The river length was increased with 13%. Longitudinal and cross-section variability in meandered section was limited due to flood risk management requirements. However, macrophyte growth has provided some flow and habitat diversity. The constructed riffle at the upstream end has provided habitat for macro-invertebrates sensitive to fine sediments which were not found in the section prior to restoration (e.g. the freshwater limpet Ancylidae, the riffle beetle Elmidae, the net-spinning caddis fly Hydropsychidae and the blackfly larvae Simuliidae).
The new channel profile with lower banks increased the out of bank flow to a maximum of 4.5 days per year. The lowering of the floodplain itself created more water storage and the flood protection level has remained unchanged.
Local residents were engaged in the project from the planning phase and post-restoration assessment showed that 52% of the local residents ‘mostly’ and 30% ‘strongly’ approved the restoration works. A majority of 64% felt that the restoration scheme had achieved its objectives and 70% of the residents thought more wildlife had been attracted to the area. Long term monitoring has shown an increased support for the restoration scheme, with increasing number of satisfied local residents.
Overall, the Skerne project was a big social success. People were engaged in the project and very positive about the outcomes. The ecological status has improved, but it is still limited by the urban environment, (e.g. fixation of the river to protect infrastructure, and pollution from industry upstream).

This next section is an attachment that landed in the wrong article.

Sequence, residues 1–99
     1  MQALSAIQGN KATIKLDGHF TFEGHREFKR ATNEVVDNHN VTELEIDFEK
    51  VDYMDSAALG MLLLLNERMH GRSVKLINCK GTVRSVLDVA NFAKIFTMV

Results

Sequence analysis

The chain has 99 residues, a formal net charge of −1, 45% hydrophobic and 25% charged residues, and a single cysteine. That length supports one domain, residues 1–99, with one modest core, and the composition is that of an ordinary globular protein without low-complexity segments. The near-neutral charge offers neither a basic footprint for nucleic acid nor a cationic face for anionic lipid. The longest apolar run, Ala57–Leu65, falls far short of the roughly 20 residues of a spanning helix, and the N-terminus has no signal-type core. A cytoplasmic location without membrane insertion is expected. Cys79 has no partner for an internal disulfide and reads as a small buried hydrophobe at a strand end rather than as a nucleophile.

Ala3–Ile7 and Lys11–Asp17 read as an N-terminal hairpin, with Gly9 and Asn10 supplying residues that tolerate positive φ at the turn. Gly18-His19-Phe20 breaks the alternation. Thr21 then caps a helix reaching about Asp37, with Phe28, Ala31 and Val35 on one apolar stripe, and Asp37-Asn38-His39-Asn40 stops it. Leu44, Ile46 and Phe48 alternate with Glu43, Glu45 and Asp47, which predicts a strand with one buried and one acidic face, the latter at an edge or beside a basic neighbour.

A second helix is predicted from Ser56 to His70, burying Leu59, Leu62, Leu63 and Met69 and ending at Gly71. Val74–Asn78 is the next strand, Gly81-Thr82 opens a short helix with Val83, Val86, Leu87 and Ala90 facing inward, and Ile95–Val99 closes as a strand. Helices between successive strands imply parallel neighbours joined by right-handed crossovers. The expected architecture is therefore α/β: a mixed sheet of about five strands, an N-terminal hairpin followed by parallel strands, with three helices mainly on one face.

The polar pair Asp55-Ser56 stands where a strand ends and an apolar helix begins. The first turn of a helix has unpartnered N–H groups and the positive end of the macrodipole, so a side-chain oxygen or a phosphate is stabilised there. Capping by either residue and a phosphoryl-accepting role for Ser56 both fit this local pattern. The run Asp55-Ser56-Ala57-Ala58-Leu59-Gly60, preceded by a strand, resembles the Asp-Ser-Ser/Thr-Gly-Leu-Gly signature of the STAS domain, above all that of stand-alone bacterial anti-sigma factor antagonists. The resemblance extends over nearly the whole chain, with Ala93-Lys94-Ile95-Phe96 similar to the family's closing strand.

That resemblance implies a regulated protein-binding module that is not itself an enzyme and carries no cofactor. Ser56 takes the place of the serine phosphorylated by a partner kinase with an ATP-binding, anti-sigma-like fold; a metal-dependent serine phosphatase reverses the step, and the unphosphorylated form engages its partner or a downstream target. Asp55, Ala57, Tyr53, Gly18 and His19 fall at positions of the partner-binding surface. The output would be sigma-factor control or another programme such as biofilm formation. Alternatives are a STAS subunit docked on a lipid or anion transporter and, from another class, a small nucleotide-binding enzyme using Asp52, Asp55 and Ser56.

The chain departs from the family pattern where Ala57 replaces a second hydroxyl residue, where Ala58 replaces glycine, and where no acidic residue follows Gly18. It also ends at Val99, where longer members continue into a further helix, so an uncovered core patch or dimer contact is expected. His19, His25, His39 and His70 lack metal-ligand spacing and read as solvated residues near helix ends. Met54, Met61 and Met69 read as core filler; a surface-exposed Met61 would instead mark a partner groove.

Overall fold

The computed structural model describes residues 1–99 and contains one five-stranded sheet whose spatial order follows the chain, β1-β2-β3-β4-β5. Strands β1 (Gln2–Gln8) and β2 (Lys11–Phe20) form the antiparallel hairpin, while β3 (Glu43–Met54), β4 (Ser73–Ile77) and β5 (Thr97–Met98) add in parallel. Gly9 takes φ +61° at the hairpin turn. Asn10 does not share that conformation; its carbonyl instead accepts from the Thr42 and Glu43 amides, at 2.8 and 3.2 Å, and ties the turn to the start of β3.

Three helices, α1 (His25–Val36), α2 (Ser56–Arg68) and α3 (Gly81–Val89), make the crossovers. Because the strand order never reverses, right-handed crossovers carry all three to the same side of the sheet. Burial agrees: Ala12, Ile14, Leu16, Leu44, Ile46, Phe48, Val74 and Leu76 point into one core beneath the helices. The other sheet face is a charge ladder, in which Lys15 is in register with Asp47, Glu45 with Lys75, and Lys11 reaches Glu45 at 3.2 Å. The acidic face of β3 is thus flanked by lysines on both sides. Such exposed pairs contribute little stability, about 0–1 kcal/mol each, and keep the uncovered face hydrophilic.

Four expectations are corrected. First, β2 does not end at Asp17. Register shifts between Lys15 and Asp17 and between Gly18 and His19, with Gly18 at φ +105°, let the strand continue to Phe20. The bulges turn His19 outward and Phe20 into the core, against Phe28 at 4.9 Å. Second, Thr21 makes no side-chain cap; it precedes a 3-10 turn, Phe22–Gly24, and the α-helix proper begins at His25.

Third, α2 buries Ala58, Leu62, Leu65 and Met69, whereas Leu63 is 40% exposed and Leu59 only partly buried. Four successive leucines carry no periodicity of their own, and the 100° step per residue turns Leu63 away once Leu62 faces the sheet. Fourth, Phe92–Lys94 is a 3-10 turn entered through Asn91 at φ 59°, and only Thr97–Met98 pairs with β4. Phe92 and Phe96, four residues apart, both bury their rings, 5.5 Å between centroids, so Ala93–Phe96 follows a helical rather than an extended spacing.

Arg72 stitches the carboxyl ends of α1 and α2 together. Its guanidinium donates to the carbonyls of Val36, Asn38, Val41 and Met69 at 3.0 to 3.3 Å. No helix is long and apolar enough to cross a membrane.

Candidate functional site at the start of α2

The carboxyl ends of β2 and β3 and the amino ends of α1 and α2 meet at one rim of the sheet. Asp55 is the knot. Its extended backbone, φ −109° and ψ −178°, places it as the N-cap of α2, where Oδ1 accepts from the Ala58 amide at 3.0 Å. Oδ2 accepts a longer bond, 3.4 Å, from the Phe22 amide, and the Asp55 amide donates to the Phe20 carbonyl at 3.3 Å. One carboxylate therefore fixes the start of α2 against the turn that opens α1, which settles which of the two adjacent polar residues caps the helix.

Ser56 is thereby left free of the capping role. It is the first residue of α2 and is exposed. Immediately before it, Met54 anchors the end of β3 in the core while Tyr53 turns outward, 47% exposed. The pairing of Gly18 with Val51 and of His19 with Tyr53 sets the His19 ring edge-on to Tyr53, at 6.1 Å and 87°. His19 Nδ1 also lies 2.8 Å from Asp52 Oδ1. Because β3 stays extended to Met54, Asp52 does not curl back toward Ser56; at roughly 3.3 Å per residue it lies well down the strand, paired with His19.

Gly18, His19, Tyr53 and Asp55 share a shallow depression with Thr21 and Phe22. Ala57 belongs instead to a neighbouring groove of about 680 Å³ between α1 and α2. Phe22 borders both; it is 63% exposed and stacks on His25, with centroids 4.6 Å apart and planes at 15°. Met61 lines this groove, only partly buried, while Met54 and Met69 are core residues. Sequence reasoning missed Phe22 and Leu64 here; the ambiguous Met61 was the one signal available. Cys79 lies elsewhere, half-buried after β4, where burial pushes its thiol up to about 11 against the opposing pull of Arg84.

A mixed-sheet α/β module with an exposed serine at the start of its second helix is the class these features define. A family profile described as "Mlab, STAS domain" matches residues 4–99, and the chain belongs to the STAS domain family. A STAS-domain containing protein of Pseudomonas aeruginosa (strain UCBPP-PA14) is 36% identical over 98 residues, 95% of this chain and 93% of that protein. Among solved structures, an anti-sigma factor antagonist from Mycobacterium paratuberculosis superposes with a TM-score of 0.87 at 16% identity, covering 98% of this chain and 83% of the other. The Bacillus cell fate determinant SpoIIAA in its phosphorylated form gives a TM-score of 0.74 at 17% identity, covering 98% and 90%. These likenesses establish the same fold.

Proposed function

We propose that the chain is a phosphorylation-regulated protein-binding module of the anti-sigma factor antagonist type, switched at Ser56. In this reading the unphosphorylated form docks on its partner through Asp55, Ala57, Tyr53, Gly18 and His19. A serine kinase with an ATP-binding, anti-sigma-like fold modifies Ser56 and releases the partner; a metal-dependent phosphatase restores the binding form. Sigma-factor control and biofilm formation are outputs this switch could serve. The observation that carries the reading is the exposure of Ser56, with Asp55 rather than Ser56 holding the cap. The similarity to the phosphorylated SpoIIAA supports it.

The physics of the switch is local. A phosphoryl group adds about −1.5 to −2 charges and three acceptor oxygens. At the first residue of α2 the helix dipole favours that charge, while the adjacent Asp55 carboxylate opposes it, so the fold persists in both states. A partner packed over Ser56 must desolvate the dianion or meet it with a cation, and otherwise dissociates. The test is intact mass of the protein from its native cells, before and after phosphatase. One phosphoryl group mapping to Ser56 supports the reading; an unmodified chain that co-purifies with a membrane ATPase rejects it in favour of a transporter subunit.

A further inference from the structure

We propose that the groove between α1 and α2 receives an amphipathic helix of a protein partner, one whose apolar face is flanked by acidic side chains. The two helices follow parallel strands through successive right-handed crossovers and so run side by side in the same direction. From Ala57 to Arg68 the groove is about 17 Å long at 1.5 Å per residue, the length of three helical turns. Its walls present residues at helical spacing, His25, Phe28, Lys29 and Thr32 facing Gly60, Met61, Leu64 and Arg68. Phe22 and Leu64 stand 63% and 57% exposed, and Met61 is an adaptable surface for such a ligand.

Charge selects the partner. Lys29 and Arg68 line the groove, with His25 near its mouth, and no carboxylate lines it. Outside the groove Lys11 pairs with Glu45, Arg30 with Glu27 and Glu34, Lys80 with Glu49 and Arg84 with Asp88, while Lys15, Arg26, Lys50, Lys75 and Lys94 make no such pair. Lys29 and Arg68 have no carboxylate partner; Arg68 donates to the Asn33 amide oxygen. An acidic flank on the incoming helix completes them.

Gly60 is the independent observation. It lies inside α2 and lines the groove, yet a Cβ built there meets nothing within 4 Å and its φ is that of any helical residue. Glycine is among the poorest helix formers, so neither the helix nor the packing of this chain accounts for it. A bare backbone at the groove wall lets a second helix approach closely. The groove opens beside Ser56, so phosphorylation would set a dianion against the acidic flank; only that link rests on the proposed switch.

- Engaging the local community is essential. This project employed a local Community Liaison Officer who was know to the local community and was on hand to answer questions, solve local issues and field queries to the technical working group and project board.
- In these early days of river restoration the project showed what could be expected from a restoration project and how it develops (might be different from anticipated) – this needs to be built into decision making process
- It is important to do a formal long-term management plan, and have a cooperating (and stable) land owner,
- Each of the partner organisations applied their resources together to provide a wealth of in-kind work to boost the already significant works budget,
- The project showed a whole suite of demonstration techniques (included in the Manual of River Restoration Techniques http://www.therrc.co.uk/rrc_manual.php)
- The project clearly showed the complexity of a linear system (compared with ponds), and that it's difficult to distinguish success between different components • The project gave a big boost to river restoration in the UK and showed that it is possible to undertake “large scale” (for that time) projects,
- Long-term monitoring (>3 years, especially of biological indicators) is crucial for accurate evaluation of success.
Catchment and subcatchment
Select a catchment/subcatchment
Cost for project phases
Reasons for river restoration
Hydromorphological quality elements
Biological quality elements
Physico-chemical quality elements
Additional documents and videos